### Summary: Chapter Eleven

William assembles the moving parts of the windmill and places it on top of a pole to test it. The span of the blades is nearly eight feet. When attached to William’s father’s radio, the windmill produces so much current that black smoke comes out of the radio. William researches transformers and dissipation in Explaining Physics. With the help of Geoffrey and Gilbert, William builds a proper tower for the windmill. They cut down several trees for lumber and build a sixteen-foot tower. Once the tower is assembled, the three boys use the wire from William’s clothesline and one of the support rungs as a pulley to lift the heavy windmill to the top of the tower. While they are fastening the windmill to the top of the tower, people start to gather at William’s house, since the tower is visible from the trading center. He tells the crowd that he will generate electricity from the wind, but most of the people who have gathered just mock him.

William attaches a light bulb to the windmill and lets it spin. Bright light is generated, and everyone is amazed. William runs longer wire to his bedroom and is finally able to stay up past sundown with light in his room. His mother tells him that they would all like light in their rooms. William agrees and tells them that he plans to incorporate a car battery to store power so that they always have light, even when the wind is not blowing. He also thinks about an even larger windmill that will be able to power a water pump for the fields.

### Summary: Chapter Twelve

William’s cousin, Ruth, asks him if he can use his windmill to charge her mobile phone. With a step-up transformer made from an iron sheet and wrapped wire, he obtains an output voltage close enough to 220 V to charge the phone. Using the AC cord from a radio, he even makes a makeshift electric outlet in his room. He runs wire to lights in his parents’ room and the living room. William’s father tells him that he especially enjoys the electricity “because my own son made it.”

After a large storm, one of the beams in the ceiling over William’s room is broken. His floor is covered in dirt and termites. After using chickens to clear the termites, he realizes that the wires he has run through the house could start a fire. Since he does not have access to fuses, he cannot install a circuit breaker. William creates his own fuse after studying how an electric bell functions. After another storm, he discovers that his makeshift fuse works. William also replaces the windmill’s bicycle chain with a pulley system and belt, after Geoffrey tells him that is what the large machinery in the maize mill uses. William is grateful for the belt-drive. It is more reliable than the chain, and he no longer has to be cut by the windmill blades while trying to adjust and repair the chain.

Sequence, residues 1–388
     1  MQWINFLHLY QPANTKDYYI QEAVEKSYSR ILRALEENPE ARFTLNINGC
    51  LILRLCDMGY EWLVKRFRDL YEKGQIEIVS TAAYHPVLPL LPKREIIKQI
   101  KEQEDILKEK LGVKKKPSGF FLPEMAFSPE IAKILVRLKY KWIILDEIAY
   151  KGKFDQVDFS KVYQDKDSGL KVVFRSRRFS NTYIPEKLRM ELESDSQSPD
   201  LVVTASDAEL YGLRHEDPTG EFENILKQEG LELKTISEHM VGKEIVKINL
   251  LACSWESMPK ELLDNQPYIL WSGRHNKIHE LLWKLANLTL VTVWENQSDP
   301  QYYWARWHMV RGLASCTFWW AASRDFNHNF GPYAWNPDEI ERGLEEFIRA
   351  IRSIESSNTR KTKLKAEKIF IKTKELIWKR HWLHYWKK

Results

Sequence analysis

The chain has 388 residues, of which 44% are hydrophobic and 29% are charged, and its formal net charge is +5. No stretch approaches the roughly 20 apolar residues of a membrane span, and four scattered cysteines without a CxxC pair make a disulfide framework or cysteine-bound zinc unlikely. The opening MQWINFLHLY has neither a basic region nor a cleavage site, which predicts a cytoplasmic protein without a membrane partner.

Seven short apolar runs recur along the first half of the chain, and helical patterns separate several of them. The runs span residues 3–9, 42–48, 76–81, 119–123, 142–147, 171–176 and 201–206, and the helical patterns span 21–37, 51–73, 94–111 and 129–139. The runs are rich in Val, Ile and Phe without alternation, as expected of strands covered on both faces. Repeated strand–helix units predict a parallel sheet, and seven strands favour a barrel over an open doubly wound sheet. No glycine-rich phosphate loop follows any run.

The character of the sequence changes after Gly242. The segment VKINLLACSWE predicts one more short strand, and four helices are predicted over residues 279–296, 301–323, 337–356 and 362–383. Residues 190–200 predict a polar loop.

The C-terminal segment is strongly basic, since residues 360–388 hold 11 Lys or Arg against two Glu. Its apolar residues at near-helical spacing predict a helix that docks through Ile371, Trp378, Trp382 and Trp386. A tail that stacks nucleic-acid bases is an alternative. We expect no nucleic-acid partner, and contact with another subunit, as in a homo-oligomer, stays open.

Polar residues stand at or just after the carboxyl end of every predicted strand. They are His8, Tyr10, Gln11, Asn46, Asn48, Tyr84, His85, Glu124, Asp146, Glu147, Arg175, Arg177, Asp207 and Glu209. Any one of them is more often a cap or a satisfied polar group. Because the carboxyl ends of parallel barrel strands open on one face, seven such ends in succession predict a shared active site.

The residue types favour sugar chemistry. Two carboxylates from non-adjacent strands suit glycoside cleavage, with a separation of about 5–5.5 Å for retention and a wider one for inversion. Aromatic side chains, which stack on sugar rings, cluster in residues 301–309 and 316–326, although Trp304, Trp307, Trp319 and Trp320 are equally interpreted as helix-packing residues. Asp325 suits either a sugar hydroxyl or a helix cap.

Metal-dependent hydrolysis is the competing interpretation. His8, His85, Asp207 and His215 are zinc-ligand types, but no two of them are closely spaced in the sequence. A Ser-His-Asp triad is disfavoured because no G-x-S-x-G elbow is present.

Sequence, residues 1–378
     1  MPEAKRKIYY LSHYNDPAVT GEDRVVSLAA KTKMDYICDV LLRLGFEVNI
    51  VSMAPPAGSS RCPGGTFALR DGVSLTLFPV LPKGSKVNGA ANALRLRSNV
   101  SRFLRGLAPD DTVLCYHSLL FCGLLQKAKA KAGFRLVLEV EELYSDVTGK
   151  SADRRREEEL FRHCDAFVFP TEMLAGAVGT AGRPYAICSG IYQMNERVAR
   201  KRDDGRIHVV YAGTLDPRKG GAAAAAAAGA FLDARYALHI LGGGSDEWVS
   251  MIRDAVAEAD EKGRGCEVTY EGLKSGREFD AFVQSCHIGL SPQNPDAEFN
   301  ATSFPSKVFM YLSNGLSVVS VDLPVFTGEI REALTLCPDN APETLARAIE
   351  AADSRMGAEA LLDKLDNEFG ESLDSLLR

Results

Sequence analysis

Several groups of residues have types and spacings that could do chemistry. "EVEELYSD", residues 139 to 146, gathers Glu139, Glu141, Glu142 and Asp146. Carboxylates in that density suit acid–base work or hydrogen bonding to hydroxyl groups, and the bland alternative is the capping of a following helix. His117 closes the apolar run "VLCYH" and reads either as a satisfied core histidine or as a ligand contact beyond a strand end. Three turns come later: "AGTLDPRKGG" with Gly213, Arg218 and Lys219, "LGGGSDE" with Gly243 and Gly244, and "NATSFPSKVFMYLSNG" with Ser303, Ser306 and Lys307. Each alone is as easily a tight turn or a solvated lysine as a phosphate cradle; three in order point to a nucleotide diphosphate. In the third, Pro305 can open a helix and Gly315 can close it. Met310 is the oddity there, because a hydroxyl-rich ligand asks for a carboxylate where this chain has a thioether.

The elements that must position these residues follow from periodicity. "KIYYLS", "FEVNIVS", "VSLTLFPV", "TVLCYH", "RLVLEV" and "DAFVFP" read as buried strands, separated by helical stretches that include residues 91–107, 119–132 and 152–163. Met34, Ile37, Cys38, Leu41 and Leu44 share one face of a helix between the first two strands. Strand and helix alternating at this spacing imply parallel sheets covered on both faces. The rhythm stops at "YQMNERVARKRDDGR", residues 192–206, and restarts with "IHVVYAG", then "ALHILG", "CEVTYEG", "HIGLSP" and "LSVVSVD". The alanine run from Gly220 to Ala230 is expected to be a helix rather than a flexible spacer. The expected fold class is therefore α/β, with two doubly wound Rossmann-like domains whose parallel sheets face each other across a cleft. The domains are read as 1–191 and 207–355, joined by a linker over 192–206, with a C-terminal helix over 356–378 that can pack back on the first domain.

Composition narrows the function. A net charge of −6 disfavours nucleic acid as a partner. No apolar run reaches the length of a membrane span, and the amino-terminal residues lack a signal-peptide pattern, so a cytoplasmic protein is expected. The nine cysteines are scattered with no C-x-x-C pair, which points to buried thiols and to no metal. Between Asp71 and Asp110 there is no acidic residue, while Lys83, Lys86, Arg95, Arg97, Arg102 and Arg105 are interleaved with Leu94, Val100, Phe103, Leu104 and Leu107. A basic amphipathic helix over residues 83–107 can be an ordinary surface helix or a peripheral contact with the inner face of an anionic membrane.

### Analysis: Chapters Eleven & Twelve

William’s innovative spirit is at the center of the action in gripping, descriptive sequences of starting the windmill. With each problem he faces, William gets the help he needs or figures it out on his own. Now, William’s character first introduced in the book’s Prologue is fully realized. His path to this moment has been illuminated, and when the actual lightbulb comes on, William’s trials have been vindicated. But even after his success sways the hearts and minds of his community, William faces new challenges. The world presses in on him again, forcing William to keep innovating. Creating his own fuse to make the wires safer, William shows his determination to see the project through. William is not only determined to make a change, but he also possesses the skill and intelligence to solve problems along the way.

Just as floods and droughts had undermined William’s plans in previous chapters, a large storm antagonizes him now, at the height of his success. This antagonism forces William’s development and changes his perspective. Using a chicken as a metaphor, William comes to terms with the chaotic side of nature. William’s windmill uses that chaos, wind, to make electricity. But the windmill exists in a fragile balance with the unpredictable forces of nature. William comes to a higher understanding of his purpose. Instead of overcoming nature, William is now working with nature in balance. Having shown his path to this moment, William contrasts his new understanding with the leadership in Malawi. Where entire forests were logged for the rich, William takes only a few trees to attempt to provide electricity for an entire village. William now understands the fragile balance all humanity must find with their surrounding environment.